Dad is elated when we’re able to bring him home from the hospital again, smiling like a delighted child who can’t quite believe his luck.
As the months pass I notice two significant changes in my father.
He was always quick with a witty remark or playful banter, including his much proclaimed promise to live long enough to be a problem to his children. Now he rarely is able to make jokes anymore.
Humor is linked with the ability to think in abstract terms, Ponsford tells me, and Dad’s ability to draw an inference has been affected.
But sometimes he surprises me. One such time I’m kneeling in front of him, helping him put on his shoe.
“Ouch!” he says.
“What’s happened?” I say, instantly concerned and protective the way you are with someone you now perceive as fragile.
I look up to see a cheeky grin: “Gotcha.”
“You bastard!” I reply.
As a result of his injury, it feels like Dad has turned inward. While never an effusive person, he cannot now express affection, either through words of endearment or the little things he used to do to take care of us, like bringing me a freshly brewed cup of tea every morning when I was visiting home.
“Bye, Dad. Love you,” I say at the end of a phone conversation.
Ponsford says it doesn’t necessarily mean he’s not feeling emotions, it’s more that there’s a certain passivity with expressing them.
Some people with TBIs, she says, go in the opposite direction, excessively expressing emotions out of all proportion to what they’re actually feeling, like laughing or crying for no apparent reason.
I miss hearing Dad saying a reassuring “God bless” at the end of a phone call.
Dad’s injury profoundly impacts us as a family, but we all cope in different ways.
It’s hardest on Mum, whose decades-long relationship with Dad has been irrevocably altered.
Although she gets daily help from disability support workers, she’s been thrust into the role of Dad’s primary caregiver at a time when, with Dad now retired, they were looking at being able to take things a bit easier.
Dad was indulging his love of cooking and had taken over making dinner every night, and they were planning on finally going for a holiday traveling Victoria’s Great Ocean Road, a trip Dad had been promising to take Mum on for most of their marriage.
She’s also in many ways lost her companion and teammate of the last 40 years. The person who took care of her, sometimes gently pushing her to try things outside her comfort zone. The person she took care of, encouraging him to be a bit more extroverted, is now forever changed.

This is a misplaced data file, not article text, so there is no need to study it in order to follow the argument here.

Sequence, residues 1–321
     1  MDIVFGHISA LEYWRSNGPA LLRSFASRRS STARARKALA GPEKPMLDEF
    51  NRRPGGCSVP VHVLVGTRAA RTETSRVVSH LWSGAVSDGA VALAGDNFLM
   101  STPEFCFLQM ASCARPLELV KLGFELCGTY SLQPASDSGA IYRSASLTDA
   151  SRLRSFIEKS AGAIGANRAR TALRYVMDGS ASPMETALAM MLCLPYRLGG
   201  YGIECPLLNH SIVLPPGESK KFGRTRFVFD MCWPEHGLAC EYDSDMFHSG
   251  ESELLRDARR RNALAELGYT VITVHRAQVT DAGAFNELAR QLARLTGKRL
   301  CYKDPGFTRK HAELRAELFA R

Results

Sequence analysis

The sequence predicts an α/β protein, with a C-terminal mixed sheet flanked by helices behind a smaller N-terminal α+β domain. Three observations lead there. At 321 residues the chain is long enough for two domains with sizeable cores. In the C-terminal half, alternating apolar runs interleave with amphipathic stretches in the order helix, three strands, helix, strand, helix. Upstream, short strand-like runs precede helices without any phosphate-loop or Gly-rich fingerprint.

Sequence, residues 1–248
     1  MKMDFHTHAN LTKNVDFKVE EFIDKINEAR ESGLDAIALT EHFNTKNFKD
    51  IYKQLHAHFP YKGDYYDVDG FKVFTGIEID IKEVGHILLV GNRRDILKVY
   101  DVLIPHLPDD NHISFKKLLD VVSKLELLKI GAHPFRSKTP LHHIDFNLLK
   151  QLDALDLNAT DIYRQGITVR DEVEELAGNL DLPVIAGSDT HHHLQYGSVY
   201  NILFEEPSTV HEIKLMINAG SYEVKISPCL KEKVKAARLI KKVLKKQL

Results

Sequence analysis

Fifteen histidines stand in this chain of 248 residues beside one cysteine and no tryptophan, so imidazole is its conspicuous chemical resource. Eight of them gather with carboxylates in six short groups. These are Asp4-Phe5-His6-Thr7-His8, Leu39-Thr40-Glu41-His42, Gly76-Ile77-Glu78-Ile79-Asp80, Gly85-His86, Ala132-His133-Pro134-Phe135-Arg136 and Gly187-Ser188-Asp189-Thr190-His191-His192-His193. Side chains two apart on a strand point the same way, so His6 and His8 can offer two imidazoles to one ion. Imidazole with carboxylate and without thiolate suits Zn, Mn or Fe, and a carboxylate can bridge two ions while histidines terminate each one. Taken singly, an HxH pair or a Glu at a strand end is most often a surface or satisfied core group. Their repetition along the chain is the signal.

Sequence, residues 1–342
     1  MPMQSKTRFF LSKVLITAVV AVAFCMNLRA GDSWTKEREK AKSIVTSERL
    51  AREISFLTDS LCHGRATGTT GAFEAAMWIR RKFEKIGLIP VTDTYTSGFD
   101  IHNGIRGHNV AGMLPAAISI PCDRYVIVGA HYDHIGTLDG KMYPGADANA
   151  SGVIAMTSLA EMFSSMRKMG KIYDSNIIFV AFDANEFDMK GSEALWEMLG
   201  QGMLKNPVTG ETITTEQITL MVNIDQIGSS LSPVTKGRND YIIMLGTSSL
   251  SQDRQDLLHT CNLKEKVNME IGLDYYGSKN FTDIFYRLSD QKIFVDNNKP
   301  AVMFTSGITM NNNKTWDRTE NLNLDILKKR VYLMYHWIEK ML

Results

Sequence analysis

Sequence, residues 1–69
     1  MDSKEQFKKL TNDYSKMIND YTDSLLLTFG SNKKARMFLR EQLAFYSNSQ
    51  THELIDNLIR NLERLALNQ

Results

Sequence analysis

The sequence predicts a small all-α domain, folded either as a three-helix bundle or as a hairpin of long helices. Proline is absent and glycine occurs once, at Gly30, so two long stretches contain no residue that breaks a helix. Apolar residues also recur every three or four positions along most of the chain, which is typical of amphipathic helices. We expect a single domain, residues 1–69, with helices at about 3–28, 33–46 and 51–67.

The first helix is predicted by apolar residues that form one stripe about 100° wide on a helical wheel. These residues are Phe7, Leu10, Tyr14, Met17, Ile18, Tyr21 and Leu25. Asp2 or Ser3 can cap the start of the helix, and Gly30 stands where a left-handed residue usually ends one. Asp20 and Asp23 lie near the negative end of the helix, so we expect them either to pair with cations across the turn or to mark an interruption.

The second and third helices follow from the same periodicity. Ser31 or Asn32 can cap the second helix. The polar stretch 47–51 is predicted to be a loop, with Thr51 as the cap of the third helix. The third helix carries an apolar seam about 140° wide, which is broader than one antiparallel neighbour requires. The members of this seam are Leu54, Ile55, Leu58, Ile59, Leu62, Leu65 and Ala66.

Dad and Mum at my 30th birthday party, two and a half years before the accident.
I have to remind Dad of birthdays, anniversaries and other occasions of note, then cajole him to write more in the card than “Thank you for taking care of me.”
My sister prefers to think of Dad as gone, with this new man having taken his place.
I look for ways that Dad and I can still do things together that we’ve always enjoyed, like going to cricket matches or watching a science fiction film or television show together, like Doctor Who.
I try to respond to his medical tribulations with humor. I am upbeat on the phone when he gets another DVT.
“Well, at least they didn’t want to cut off your leg,” I say.
“You always see the positive side of things,” he says, half grumbling at me.
In another phone call with my sister I burst into tears.
I tell a counselor who specializes in helping people impacted by road accidents that I always imagined that if something this terrible were to happen to my family I would behave like a living saint, selfless and calm under pressure.
“And how’s that going for you?” she asks, openly laughing at me.
“Not well,” I reply tersely.
Sometimes I find myself walking around my house, crying ugly, angry tears that something this cruel could happen to my wonderful and kind father, a man who would think of nothing of flying across the country to help me move cities yet again, or once drove me some 250 miles and cheerfully caught the bus back to Perth the next day because he could see I was too tired to drive home by myself.
TBIs can have a devastating impact on family members, Ponsford says.
“If you’re in a close relationship with a person as a spouse or partner, that person may be just a different person, and they’re not sensitive to your emotions in the same way that they were.”
Families as a whole can become socially isolated, Ponsford says, because they’re managing their loved one’s injury and other people don’t understand the multiple stresses involved.
One way families can become more resilient is by becoming a little bit more independent, according to McCarthy, the rehabilitation medicine physician from Sydney.
“I get dictatorial to people and say you have to look after yourself. It’s no good if you run yourself into the ground, it’s not going to help [your loved one],” she says.
The brain has some capacity for reorganization and regeneration, Ponsford says, although the capacity for neurons to regrow is limited.
“It’s thought that the so-called recovery that people experience is probably more a reorganization within the brain, and quite a lot of intact areas taking over impaired functions,” she says. “Also people learn to do things in new ways, they adapt.”
However, there are some factors that influence how well you recover from a TBI.
The older you are when you sustain the injury does result in greater initial consequences on your cognition and function, although Ponsford’s research doesn’t suggest it causes greater decline over time.
The higher your IQ before your injury, the better.